On admission, he had a body temperature of 38.8°C, blood pressure (BP) of 140/80 mmHg, RR of 20 breaths/min, and a heart rate (HR) of 98 beats/min. SpO2 was 84% without oxygen supply. He was supported with high flow oxygen (50 L/min, FiO2 60%) and treated with antimicrobial and antiviral drugs, including levofloxacin (oral, early stage), moxifloxacin (intravenous, later), and ribavirin. Considering the changes noted on chest CT, the patient was diagnosed with acute respiratory distress syndrome (ARDS), and methylprednisolone (40–160 mg/day intravenously from February 4 to February 9) and gamma-globulin (10 g/day intravenously from February 5 to February 10) were administered. On February 7, the Centers for Disease Control confirmed that the patient's oropharyngeal swab test for SARS-CoV-2 was positive; thus, the patient was diagnosed with COVID-19 (severe case), ARDS, and hypertension. During the treatment course, the patient's body temperature returned to normal. Meanwhile, PaO2 improved gradually and CRP levels decreased to 50.3 mg/L on February 9. However, the patient's respiratory distress and fatigue did not relieve, and CRP levels increased to 124.2 mg/L on February 11 (Figure 2).
On February 12, PaO2 fell to 58 mmHg. Non-invasive mechanical ventilation was performed, and another course of methylprednisolone was administered. We suggested a change to invasive mechanical ventilation because there was no improvement in respiratory distress after 2 h, but his family refused. PaO2 and CRP seemed to improve with increasing FiO2 (up to 100%) and the use of methylprednisolone, but the clinical manifestation persisted, and, on February 15, PaO2 could not be maintained; it fell to 35 mmHg, the SpO2 was at 45%, the RR at 50 breaths/min, and confusion occurred. Invasive mechanical ventilation was authorized, but ventricular fibrillation occurred after endotracheal intubation. Cardiopulmonary resuscitation (CPR) and defibrillation were performed immediately, during which no blood pressure and heartbeat were detected for 12 min. The patient recovered but was in a deep coma. We adjusted the ventilator settings to a pressure synchronized intermittent mandatory ventilation (P-SIMV) mode with a maximum airway pressure (Pmax) of 18 cmH2O, positive end expiratory pressure (PEEP) of 15 cmH2O, FiO2 of 100%, and frequency of 18 breaths/min. We changed to a superior antibiotic after blood test results showed leukocytosis (26.17 × 109 cells/L), lymphopenia (0.52 × 109 cells/L), and elevated CRP levels (170.2 mg/L) (Figure 2). However, on February 17, the urine volume was 1,100 mL, and renal failure occurred, with elevated blood urea nitrogen (25.24 mmol/L, normal: 3.2–7.1. mmol/L) and creatinine (395.2 μmol/L, normal: 44.0–133.0 μmol/L) levels (Figure 2). We adjusted the ventilator to pressure-assist/control mode with PEEP of 11 cmH2O and FiO2 of 100%, and we operated continuous renal replacement therapy (CRRT) once. On February 18, renal function improved, and the urine volume reached 4,400 mL. Over this period, the patient progressed to a critical case, and bedside continuous chest digital radiography (DR) was used for monitoring. We observed faded imaging and restoration of organic function after treatment (Figure 1).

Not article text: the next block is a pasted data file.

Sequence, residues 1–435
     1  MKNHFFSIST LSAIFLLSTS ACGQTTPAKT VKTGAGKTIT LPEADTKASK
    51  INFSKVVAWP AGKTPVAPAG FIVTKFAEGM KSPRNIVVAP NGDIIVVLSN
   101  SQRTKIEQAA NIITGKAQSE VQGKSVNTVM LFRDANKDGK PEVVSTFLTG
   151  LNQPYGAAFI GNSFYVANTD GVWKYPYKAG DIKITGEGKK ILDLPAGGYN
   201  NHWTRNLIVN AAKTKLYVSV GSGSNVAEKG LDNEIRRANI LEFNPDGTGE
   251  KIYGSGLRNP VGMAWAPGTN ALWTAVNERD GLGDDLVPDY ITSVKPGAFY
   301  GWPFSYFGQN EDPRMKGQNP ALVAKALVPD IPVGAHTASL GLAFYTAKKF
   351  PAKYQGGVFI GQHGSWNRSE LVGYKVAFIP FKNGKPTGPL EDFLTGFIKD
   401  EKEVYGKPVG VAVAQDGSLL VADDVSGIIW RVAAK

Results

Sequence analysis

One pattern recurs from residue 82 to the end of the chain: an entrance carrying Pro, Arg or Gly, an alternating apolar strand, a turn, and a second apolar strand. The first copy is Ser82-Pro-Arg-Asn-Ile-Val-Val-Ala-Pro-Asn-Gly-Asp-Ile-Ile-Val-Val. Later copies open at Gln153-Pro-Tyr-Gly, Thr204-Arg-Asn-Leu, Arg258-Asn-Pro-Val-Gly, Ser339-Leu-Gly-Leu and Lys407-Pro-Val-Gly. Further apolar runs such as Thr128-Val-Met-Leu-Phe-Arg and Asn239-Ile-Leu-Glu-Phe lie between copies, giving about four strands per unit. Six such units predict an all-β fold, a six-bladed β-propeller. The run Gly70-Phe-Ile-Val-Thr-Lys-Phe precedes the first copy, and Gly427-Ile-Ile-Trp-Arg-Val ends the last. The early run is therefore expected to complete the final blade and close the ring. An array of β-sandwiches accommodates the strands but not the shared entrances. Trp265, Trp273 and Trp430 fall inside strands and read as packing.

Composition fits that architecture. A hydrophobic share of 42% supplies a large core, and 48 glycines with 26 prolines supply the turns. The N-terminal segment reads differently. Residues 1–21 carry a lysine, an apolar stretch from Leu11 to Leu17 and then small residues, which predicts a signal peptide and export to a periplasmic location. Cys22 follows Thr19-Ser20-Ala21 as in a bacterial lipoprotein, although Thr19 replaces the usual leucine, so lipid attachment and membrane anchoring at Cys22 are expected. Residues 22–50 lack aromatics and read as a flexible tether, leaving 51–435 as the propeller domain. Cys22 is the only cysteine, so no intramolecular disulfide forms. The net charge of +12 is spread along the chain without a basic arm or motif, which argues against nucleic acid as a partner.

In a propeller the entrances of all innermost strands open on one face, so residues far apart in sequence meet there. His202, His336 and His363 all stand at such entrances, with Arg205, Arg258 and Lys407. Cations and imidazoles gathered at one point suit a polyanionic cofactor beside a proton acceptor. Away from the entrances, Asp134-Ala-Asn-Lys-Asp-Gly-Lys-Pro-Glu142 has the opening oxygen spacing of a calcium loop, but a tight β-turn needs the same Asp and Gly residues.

On February 24, the patient's condition remained stable and the ventilator setting was changed to P-SIMV mode. The HR was 90 beats/min, BP was 132/78 mmHg, RR was 20 breaths/min, and SpO2 was 96% (FiO2 was 60%). Considering the policy of centralized management for better treatment, the patient was to be transferred to a superior hospital on February 25. We prepared an ambulance equipped with a limited ventilator, which was a PCV model with a Pmax of 25 cm H2O and FiO2 of 100%, but it did not offer the possibility to apply PEEP and a critical care specialist; we also estimated and prepared for other potential risks. However, after 10 min in the ambulance, the patient's SpO2 suddenly fell to 0%, the HR slowed down to 20 beats/min, and he also presented with severe cyanosis and respiratory distress. CPR was performed, and the ambulance returned immediately. A specialized ventilator was used again with Pmax of 30 cmH2O, PEEP of 15 cmH2O, and FiO2 of 100%. Although the chest DR showed progress on February 27 (Figure 1), the patient's condition worsened, and he died on March 4.
Since the beginning of the global COVID-19 pandemic, clinicians and scientists have worked hard to ensure the recovery of patients. Now, it is crucial to grasp every opportunity to rescue severe cases and reduce mortality.
In this case, the characteristic CT imaging changes and positive pathological test helped us diagnose COVID-19 (severe case) with SpO2 of 84% on admission. During the initial treatment, symptomatic treatment was administered, and the patient's body temperature returned to normal. High-flow oxygen support was also applied. However, the clinical manifestation of respiratory distress did not relieve significantly because of a persistently low PaO2/FiO2 (≤ 300 mmHg). On February 12, PaO2 fell to 58 mmHg, and non-invasive mechanical ventilation was attempted (5). Nonetheless, no obvious improvement was observed after 2 h. Under these circumstances, invasive mechanical ventilation was proposed according to the guidelines; however, the patient's family refused. Notably, the patient remained awake when blood gas analysis indicated severe hypoxia. This mismatch between clinical manifestation and objective medical indication misled the subjective judgment of his family on his condition. This phenomenon is usually not observed in ARDS caused by other pathogens, and its cause remains unknown.